Day Two of the trial of Judge Sharon Keller had Keller herself testifying.
Rapid-fire questions from Austin lawyer Mike McKetta, acting as the prosecution, drilled into the heart of the charges against Keller — that by violating the court’s established procedure, the judge denied death row inmate Michael Richard his day in court and brought discredit upon the judiciary.
The questioning put Keller on the defensive, a contrast from earlier testimony that saw defense lawyer Chip Babcock attack the truthfulness of witness David Dow, Richard’s primary appellate lawyer.
I’m going to point you now to the Focal Point blog, which has nicely extensive recaps of both Dow’s testimony and Keller’s testimony, as well as the testimony of Texas Defender Service paralegal Liz Waters, who went first. Texas Lawyer and Tex Parte also have more. Reading all of this, I get the impression that Keller was at best not exactly troubled by the subtleties of her job description, and that if she had given a moment’s thought to what was actually happening, in the context that it was happening, all of this could have been avoided. Whether that’s enough to get her removed from the bench or not I couldn’t say, but it seems clear to me that her actions, or lack of same, were the root cause here.
Putting it simply, her defense seems to rest on the notion that she was merely answering a question about whether or not the clerk’s office was closed, she wasn’t addressing the matter of whether or not the court would consider an appeal that came in a bit late.
McKetta began his questioning of Keller by focusing on the Court of Criminal Appeals’ execution-day procedures, which state: “All communications regarding the scheduled execution shall be first referred to the assigned judge,” who is chosen by rotation to handle all last-minute filings in capital cases.
The policy specifically lists “pleadings, telephone calls, faxes, e-mails and any other means” as pertinent forms of communication.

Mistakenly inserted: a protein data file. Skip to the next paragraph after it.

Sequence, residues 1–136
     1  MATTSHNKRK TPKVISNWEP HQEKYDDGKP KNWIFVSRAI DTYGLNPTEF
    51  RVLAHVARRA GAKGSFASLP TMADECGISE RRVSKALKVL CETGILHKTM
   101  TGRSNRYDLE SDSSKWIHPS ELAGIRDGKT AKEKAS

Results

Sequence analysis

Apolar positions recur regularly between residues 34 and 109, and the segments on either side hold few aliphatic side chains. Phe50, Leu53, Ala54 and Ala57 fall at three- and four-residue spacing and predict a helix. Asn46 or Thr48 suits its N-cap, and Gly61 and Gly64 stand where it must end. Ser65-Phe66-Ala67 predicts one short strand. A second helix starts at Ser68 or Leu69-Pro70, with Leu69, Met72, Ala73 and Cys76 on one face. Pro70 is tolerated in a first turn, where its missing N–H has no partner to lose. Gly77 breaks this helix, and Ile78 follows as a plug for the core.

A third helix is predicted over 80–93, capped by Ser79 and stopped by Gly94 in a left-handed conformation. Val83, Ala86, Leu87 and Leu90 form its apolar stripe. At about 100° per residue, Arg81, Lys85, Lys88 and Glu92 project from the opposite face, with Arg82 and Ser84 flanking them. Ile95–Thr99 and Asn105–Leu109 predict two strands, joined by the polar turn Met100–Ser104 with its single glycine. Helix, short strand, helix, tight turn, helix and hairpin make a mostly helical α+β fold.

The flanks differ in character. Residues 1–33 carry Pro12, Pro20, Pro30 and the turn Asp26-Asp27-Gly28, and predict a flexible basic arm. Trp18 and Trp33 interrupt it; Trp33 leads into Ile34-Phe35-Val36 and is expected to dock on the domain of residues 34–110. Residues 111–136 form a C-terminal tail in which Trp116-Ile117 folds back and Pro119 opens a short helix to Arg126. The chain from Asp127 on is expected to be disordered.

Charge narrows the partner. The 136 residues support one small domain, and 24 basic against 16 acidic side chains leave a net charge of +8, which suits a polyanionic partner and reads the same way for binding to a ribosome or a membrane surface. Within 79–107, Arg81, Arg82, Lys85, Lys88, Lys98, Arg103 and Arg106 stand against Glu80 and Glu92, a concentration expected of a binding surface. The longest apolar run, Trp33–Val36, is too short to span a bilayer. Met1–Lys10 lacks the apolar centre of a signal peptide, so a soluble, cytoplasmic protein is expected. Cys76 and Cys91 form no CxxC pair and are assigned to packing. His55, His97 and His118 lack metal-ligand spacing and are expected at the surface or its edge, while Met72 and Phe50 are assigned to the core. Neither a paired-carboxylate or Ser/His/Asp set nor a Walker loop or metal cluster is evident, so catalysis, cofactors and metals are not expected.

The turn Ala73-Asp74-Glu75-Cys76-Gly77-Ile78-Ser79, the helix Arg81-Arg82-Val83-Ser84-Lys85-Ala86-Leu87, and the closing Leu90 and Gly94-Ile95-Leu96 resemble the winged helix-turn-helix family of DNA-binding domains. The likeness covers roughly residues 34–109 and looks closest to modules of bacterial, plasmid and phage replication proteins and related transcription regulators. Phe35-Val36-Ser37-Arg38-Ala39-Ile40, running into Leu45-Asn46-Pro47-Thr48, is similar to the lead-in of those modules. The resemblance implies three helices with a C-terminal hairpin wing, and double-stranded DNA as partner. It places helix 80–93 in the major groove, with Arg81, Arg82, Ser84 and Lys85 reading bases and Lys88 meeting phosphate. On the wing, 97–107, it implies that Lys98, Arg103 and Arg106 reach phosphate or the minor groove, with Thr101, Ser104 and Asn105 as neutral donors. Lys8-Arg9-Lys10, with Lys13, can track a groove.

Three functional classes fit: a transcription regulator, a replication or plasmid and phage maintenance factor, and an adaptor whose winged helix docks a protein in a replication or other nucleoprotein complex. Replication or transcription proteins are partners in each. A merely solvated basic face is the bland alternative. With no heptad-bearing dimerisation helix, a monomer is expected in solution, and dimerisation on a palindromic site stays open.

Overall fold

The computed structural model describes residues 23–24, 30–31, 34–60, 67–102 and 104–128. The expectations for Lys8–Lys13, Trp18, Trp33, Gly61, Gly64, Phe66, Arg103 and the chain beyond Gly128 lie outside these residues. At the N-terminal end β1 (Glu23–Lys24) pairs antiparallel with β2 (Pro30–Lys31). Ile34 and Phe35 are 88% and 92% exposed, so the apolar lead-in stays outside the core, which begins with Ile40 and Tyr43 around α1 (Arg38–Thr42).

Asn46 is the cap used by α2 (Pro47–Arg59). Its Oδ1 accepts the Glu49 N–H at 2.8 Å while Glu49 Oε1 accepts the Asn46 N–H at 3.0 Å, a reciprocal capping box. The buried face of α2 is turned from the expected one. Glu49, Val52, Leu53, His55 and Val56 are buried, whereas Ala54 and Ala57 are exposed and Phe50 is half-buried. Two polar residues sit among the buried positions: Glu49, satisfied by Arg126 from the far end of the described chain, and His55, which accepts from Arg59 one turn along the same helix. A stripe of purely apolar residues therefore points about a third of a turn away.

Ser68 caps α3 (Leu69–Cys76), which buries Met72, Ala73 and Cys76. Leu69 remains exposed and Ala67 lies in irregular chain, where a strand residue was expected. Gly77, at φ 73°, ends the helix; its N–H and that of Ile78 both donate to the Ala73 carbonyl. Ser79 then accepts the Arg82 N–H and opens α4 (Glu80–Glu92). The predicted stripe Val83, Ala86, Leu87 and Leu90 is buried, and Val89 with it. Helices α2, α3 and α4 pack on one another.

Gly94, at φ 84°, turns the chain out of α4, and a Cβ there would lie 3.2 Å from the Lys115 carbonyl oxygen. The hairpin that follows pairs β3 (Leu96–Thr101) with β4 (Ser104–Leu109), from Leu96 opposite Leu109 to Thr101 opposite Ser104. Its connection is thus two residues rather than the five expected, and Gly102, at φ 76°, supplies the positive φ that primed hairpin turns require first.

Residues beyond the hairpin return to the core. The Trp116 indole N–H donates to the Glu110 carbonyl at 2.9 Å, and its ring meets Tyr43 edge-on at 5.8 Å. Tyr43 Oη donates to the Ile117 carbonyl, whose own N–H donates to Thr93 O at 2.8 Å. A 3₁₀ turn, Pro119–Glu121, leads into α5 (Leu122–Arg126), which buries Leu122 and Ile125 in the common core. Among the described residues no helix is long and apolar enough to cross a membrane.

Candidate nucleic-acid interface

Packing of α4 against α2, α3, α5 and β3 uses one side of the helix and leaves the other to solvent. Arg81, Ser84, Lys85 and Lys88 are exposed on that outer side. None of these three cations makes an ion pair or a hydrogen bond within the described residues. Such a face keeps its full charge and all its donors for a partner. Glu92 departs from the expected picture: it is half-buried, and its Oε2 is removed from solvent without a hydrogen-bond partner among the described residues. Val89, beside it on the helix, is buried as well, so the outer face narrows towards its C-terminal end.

Even so, when the court’s then-general counsel Ed Marty telephoned Keller at 4:45 p.m. — saying Richard’s lawyers had requested to file an appeal past 5 p.m. — Keller did not refer the request to Cheryl Johnson, the judge assigned to Richard’s case.
Keller testified that she did not believe the request fell under the court’s rules because it was an administrative matter — a question about whether the clerk’s office should stay open late — and not a substantive question relating to the merits of Richard’s case.
“I think it’s a close call, but I think that’s right,” Keller said.
Keller also acknowledged that the court’s nine judges had been told, via an e-mail from Marty, that Richard’s lawyers were preparing an appeal based on that day’s news from the U.S. Supreme Court, which accepted a case challenging lethal injection as cruel and unusual punishment.
McKetta also attacked Keller’s assertion that she only closed the court clerk’s office, not the court, because appellate rules allow lawyers to file briefs with any judge willing to accept them.
McKetta, however, noted that the same appellate rules also state: “Parties and counsel may communicate with the appellate court about a case only through the clerk.”
Once again, I will say that if this were an issue before the Court of Criminal Appeals, there is no doubt in my mind that Judge Sharon Keller would reject the logic that Defendant Sharon Keller is using. Judge Sharon Keller would insist that Defendant Sharon Keller should have known better and acted accordingly, and is deserving of no relief from her court for not having done so. I can only wonder if this has even occurred to her.
There will be more testimony from Keller today, and after that I presume the prosecution will rest and the defense will call whatever witnesses it has. It’s possible things could be wrapped up by the end of the day, or at least that testimony will be finished and summary arguments will be made tomorrow.